A plaque remaining from the Big Apple Night Club at West 135th Street and Seventh Avenue in Harlem.

Above, a 1934 plaque from the Big Apple Night Club at West 135th Street and Seventh Avenue in Harlem. Discarded as trash in 2006.

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Entry from September 20, 2010
Absurdistan

Entry in progress—B.P.


“banana republic”

Wikipedia: Absurdistan
Absurdistan is a term sometimes used to satirically describe a country in which absurdity is the norm, especially in its public authorities and government. The expression was originally used by Eastern bloc dissidents to refer to parts (or all) of the Soviet Union and its satellite states. Today, the term is most often reserved for Russia and states formerly in the Soviet sphere of influence which have retained Soviet-style authoritarian governments, such as Azerbaijan, Uzbekistan, Turkmenistan, or Belarus.

The first printed use of the word, in any language, can be found in the German monthly edition Politische Studien: Monatshefte der Hochschule für politische Wissenschaften, München, veröffentlicht vom Isar-Verlag. (1971) : “... erkennen wir, dass wir uns hier in Absurdistan bewegen.” (Political Studies Monthly of the University for political Studies, Munich, published by Isar-Verlag (1971) (free translation): ... we recognize, that we are here venturing on Absurdistan territory.) Later, in Czech (Ab:surdistán), the term was often used by the dissident and later president Václav Havel. This seems to indicate that use of the term began during perestroika. The first recorded printed use of the term in English was in Spectator in an article on August 26, 1989, about Czechoslovakia (Czechoslovakians have taken to calling their country “Absurdistan” because everyday life there has long resembled the “Theatre of the Absurd”.) On September 18, 1989, there was an article in The Nation (New York) called Prague Summer of ‘89: Journey to Absurdistan. On August 30, 1990, The New York Times used it in an article about the Soviet Union.

Other uses
After its original reference to countries like Turkmenistan, Afghanistan, and others ending in -stan in ironical use for the collapsing Eastern bloc, the term was extended to other countries. The term has been used in several titles of movies, books, and articles:

. The German comic book Abenteuer in Absurdistan mit Micky Maus (Germany 1993, volume 189 of the comic series “Walt Disneys Lustiges Taschenbuch).
. Welcome to Absurdistan: Ukraine, the Soviet Disunion and the West by Lubomyr Luciuc, 1994 (ISBN 096941255X).
. The song “Absurdistan” by Blind Passengers (both single and video, 1995).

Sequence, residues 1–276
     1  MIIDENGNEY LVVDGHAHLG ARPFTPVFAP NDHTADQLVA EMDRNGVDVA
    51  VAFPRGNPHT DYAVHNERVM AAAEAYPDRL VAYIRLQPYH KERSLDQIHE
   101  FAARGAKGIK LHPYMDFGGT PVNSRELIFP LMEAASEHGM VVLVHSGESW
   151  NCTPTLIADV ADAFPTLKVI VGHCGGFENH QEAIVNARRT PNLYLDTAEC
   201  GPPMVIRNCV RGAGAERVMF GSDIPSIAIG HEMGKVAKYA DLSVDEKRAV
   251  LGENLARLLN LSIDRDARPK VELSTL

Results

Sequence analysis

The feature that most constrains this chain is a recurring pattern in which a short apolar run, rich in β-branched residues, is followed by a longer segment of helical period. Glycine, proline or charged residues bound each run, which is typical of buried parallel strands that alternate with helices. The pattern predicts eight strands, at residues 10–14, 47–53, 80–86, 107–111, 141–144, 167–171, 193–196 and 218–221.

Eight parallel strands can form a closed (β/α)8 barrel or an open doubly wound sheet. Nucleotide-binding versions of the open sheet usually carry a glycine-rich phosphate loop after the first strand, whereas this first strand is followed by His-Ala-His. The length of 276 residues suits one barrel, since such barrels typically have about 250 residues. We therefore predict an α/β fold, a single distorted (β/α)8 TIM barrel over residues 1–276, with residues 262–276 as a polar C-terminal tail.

. “Absurdistan” is a song by German darkwave/gothic rock band Goethes Erben, from their 1997 single Sitz der Gnade. The title is often capitalized as “AbsurdISTan” to indicate a wordplay on “Absurd ist an”, roughly translating to “The absurd is on”.
. Hazám, Abszurdisztán (Absurdistan, my Home) is a book by Lajos Grendel, Bratislava, 1998 (ISBN 807149206X).
. Geboren in Absurdistan, 1999 Austrian movie.
. The album Absurdistan by Romanian artist Ada Milea (2002)
. Absurdistan by Eric Campbell, 2005, an account of the author’s experiences as an Australian Broadcasting Corporation foreign correspondent, including a detailed account of the death of his cameraman and his injury as a result of a car bomb during the 2003 invasion of Iraq.
. Absurdistan, a 2006 satirical novel by Gary Shteyngart set in a fictional former Soviet republic.
. Absurdistan, a 2008 film directed by Veit Helmer.
. Absurdistan National Anthem (song) by Brett Hardesty, a Baltimore music teacher.

Google Books
Holidays in Hell
By P. J. O’Rourke
New York, NY: Vintage Books
1989, ©1988
Pg. 253:
And, for a very large number of them that will soon be indeed, because they’re dying like flies out there in Upper Revolta and Absurdistan.

Google Books
Spring in Winter:
The 1989 revolutions

By Gwyn Prins
New York, NY: St. Martin’s Press
1990
Pg. 14:
Eastern Europe has been called by some, I think appropriately, “Absurdistan”, and it is true that these countries have a long history of absurdities, which makes them difficult for foreigners to understand.

New York (NY) Times
Sununu Tutors the Kremlin’s Staff
By FRANCIS X. CLINES, Special to The New York Times
Published: August 30, 1990
MOSCOW, Aug. 29— The Kremlin moved ever closer in spirit to the White House today as President Bush’s chief of staff worked within on the Soviet ‘’paper flow,’’ and a tent city of disgruntled citizens maintained its encampment in a park just across the way.
(...)
‘Capital of Absurdistan’
The visible routine of their lives, from the old lady who walks her dog outside her plastic tent to the family glimpsed getting dressed in their cramped enclosure, only heightens the human wonder suggested by the striped domes and swirls of nearby St. Basil’s Cathedral.

‘’This is the capital of Absurdistan,’’ an approaching Muscovite said as he took the tent city in stride.

New York (NY) Times
Police in Moscow Raze A Shantytown at 2 A.M.
By BILL KELLER, Special to The New York Times
MOSCOW, Dec. 30— Moscow police bulldozers early this morning razed a protesters’ shantytown across from the Kremlin gates that since the summer had been a squalid symbol of this society’s new freedom and frustrations.
(...)
A Muscovite who stood watching the early-morning ablutions of the campers in the shadow of St. Basil’s striped domes last summer dubbed the encampment “the capital of Absurdistan.”
Published: December 31, 1990

Wall Street Journal
September 20, 2010, 10:38 AM ET
Recession Ended in June 2009
By Phil Izzo
(...)
COMMENTS
11:11 am September 20, 2010
R B Quinn wrote:
Where? In Absurdistan?

Posted by Barry Popik
New York CityGovernment/Law/Politics/Military • (0) Comments • Monday, September 20, 2010 • Permalink